25. That would have driven me bonkers! 😳

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    Replies
    1. Susan,
      The lack of sleep almost did that is why that last moo almost sent me over the edge.

      Delete
  26. Oh, Patti, you can't leave us in the lurch like that ! Did you check the neighbor with all the cows, did you question each and every neighbor, etc. etc. Or maybe it was all in your imagination!! Oh, and was your doggie upset too?
    (and yes, on your comment on my blog ... I agree completely and have faith in the new young minds of today !)

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    Replies
    1. Ginnie,
      I did check with my neighbor who knows the rancher well and he said they add separated the calves. Still wonder why only one was upset.
      Yes, I do think the young minds will save us.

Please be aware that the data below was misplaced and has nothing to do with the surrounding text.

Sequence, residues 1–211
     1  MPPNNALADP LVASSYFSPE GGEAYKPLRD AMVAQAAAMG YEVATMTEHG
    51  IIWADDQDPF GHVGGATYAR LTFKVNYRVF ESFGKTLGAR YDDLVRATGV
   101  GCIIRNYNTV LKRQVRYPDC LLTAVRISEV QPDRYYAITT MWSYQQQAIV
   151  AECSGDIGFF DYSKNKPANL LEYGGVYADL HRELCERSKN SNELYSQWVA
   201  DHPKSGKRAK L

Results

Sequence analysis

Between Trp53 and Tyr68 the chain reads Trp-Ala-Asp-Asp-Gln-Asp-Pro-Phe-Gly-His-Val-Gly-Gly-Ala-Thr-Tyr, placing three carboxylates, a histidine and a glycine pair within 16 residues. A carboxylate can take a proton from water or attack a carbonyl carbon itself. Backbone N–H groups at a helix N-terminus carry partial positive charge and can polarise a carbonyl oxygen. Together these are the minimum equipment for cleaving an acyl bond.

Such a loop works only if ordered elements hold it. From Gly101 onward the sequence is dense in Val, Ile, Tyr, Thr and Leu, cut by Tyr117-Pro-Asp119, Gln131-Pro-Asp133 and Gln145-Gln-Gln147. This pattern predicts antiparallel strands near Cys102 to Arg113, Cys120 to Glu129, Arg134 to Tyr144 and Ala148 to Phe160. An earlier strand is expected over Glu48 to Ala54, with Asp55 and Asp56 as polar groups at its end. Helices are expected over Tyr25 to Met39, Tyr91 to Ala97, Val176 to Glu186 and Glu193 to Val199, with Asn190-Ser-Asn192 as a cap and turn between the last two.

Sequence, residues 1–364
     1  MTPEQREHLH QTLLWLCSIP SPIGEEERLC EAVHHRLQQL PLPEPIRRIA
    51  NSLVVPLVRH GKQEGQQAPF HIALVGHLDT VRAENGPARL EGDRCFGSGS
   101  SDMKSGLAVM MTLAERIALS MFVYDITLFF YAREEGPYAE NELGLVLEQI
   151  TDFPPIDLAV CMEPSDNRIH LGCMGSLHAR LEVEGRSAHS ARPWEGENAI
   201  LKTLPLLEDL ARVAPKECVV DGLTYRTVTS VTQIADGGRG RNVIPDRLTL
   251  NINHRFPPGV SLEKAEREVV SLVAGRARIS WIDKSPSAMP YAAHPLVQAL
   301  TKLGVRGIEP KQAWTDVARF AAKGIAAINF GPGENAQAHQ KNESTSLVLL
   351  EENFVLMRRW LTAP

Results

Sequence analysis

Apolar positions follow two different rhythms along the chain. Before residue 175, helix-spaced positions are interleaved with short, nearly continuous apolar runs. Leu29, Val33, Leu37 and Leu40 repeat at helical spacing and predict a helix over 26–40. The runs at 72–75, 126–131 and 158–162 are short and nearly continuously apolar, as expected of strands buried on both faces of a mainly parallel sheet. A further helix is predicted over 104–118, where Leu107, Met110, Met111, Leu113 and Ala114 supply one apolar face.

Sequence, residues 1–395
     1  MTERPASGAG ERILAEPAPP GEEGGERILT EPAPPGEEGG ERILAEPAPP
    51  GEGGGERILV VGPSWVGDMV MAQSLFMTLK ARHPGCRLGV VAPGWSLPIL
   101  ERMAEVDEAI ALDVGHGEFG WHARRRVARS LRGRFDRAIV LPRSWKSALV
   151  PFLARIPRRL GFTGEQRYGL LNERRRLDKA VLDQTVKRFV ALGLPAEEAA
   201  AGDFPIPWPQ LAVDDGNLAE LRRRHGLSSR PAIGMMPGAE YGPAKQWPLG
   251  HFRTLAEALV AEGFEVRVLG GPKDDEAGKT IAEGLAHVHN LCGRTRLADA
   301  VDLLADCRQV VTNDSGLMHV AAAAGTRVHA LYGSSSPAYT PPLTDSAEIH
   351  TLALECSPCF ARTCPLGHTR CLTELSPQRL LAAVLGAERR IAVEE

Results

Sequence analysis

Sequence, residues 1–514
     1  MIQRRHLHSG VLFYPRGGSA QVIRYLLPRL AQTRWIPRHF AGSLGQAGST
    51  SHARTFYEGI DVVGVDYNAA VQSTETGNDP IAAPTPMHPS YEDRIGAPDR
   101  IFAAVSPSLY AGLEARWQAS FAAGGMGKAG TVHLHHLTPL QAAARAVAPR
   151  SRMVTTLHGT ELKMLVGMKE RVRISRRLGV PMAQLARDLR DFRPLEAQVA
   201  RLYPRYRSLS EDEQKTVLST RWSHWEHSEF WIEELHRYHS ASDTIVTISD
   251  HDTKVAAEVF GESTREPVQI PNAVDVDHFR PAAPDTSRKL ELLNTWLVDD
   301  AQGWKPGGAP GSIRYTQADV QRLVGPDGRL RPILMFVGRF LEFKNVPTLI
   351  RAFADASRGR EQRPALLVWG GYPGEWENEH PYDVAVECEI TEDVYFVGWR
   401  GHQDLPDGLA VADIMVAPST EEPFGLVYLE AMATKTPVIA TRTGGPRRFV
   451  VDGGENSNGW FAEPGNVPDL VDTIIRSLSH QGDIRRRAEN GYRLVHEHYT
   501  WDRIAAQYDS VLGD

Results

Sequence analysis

Delete
  27. Oh gosh, Patti! That would have driven me crazy, too. Did anybody talk to the neighbor who owns the cows to let them know? Maybe they should know that their cows need some sort emotional counseling or something.

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    Replies
    1. Kay,
      Ha ha, he was just doing what ranchers do but I might just tell him about the emotional counseling:))

      Delete
  28. I thought mockingbirds at daybreak outside the bedroom window were an issue, but certainly preferable to a cow mooing all night. Oh, how sad she had to give up her calf. Just think of all the cows that have to go through that process — I’d rather not think about that. We had two loving Guernsey cows when we lived in the country for a couple years. My Uncle had a Holstein dairy herd, was rather cavalier dealing with his bull and was rewarded by getting gored one time. He recovered.

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    Replies
    1. Joared,
      Yikes, he definitely got the point. I was around a lot of dairy farms in Florida and there were often bull related accidents.

      Delete
  29. Oh dear, the mystery of the moo!